Meet The Entrepreneur Who's Just Solved Your 'What Do I Buy A Guy For Christmas?' Problem

The whole "what do I buy for my boyfriend, dad, brother" for Christmas question has been a conundrum which rears its head every year.

Enter David Galbraith, a 26-year-old entrepreneur of Northern Ireland who's just saved you hours of aimless traipsing around the shops - for this year at least.

Galbraith is the founder of SWIG, a brand of individually-numbered hip flasks which grants the owner access into an exclusive society.

"Every Christmas, I see the same problem," the Queen’s University Belfast graduate explains. "Everyone is so difficult to buy gifts for. I am apparently the worst - according to my mum, sister, girlfriend and cat. Why do I keep getting told I’m difficult to buy for?"

Galbraith with his products

So, Galbraith made the SWIG flask. "It’s the seminal 'get out of jail free' gift. A gift that is not expected to end up in a drawer, but to be brought on whatever challenging adventures a swigger might face in their days on earth!"

He quips, drily: "Of course [many might say] that I’m from Northern Ireland and it’s in my nature to better protect and transport my whisky."

But it's not been a plain-sailing journey. "When I first came up with SWIG- I went all in," Galbraith recalls. "I quit my job in Northern Ireland and sold everything I owned - think of every joy of a young man’s life: Playstation, iPad, my bike, whisky collection etc - to move to London. I invested everything into renting a retail space in Piccadilly Circus to sell my SWIG Hip Flasks."

"This all took place within just one month time. I had gone full tilt and had sacrificed everything that made me comfortable to follow this compulsive hip flask obsession.

"I should have known, but every day is a challenge when you are on a shoe string. I had to be at my most resourceful in my first six months or I would have fallen flat on my face.

"I remember my first batch of 200 pouches arrived and they were too tight for my flasks. I knew I had to retail them the next day or I wouldn’t make back the money in time so I stayed up all night, holding them into shape with water in my kitchen sink. Any sane person would have sent them back and let the supplier deal with it. But I just couldn’t face the idea of not turning up the next day without having made my best effort."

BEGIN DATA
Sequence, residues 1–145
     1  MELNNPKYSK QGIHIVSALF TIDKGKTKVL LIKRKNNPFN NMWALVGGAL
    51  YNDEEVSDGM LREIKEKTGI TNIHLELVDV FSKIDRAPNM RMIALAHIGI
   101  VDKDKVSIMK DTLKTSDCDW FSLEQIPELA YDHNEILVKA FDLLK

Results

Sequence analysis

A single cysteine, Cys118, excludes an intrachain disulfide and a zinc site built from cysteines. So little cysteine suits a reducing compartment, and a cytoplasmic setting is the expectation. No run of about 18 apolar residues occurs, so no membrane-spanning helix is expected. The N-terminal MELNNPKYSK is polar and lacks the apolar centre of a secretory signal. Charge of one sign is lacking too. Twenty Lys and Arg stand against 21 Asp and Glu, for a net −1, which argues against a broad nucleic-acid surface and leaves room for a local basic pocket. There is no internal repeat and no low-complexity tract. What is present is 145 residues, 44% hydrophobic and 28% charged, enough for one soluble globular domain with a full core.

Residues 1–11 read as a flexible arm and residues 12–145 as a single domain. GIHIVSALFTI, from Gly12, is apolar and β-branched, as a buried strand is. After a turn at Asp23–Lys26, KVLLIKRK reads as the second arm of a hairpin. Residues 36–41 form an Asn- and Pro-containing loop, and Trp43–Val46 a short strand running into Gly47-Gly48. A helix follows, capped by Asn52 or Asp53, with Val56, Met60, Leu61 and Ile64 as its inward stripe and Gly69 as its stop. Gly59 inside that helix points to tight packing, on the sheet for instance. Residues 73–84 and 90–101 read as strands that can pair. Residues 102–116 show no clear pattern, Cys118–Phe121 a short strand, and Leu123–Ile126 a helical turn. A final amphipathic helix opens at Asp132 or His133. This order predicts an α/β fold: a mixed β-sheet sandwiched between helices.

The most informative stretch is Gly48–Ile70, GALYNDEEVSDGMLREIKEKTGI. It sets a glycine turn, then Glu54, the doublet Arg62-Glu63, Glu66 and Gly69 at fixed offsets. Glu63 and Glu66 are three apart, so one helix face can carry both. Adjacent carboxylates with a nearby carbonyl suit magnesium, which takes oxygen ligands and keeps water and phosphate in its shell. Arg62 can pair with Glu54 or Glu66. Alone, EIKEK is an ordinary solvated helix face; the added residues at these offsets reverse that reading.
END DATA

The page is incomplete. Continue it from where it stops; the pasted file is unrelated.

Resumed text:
Originally, Galbraith started out just using credit cards and "juggling cash" because he didn’t want to give away equity and the banks refused to give him a loan.

One of Galbraith's SWIG products

"Then Startup Loans came along and gave me £10,000 in cash. Unlike the banks, they had humans assessing applications - with real emotions! - and unlike investment, they didn’t take a part of my brand. It was just ideal.

"The cash went straight out the door when I bought a space at the awesome 'Spirit of Christmas’ exhibition in London’s Kensington."

He sold out, "as I'd expected", but also sold five times more than he would have been able to without the loan, as he'd bought more stock with the money.

"It really sped things up."

So what advice would he give to others starting out?

"Appreciate that we’re in the golden age of entrepreneurship," Galbraith says. "Never has there been less barriers and more support available for creating a business. Respect this by taking advantage of all the stuff that people had to work really hard for in the past. Ie, setting up an online store 10 years ago would have taken months and £10,000. Now it takes 20 minutes and is free.

"Try and move past society's view of ‘business’ and find some realistic influences in your life. Being interested in business celebrities, Dragon’s Den and the Apprentice is a first step, but you need to be interested in the actual business, not the dramatisation or fame. Go and meet some local entrepreneurs who are making money and follow their footsteps.

"Realise you can make money out of anything. Pick something you would do for free. Or something you think you can add value to that none else wants to do.

"Apply for the ‘New Entrepreneurs Foundation’. Applications have just opened. It is an amazing way to enter the world of entrepreneurship."

And last but not least: "The ‘be your own boss’ independence thing will just become part of the wallpaper in your life. Don’t expect it to excite you for more than a few months."

So, what's in store for the future?

"My dream is everyone in the world wanting to receive a SWIG Flask at some point in their life. This shouldn’t be so hard right? I’ve got a Walt Disney-esque appreciation for customer service and experience, so with enough hard work I reckon I can inspire the world to get involved. I mean - I don't see them as 'just hip flasks'."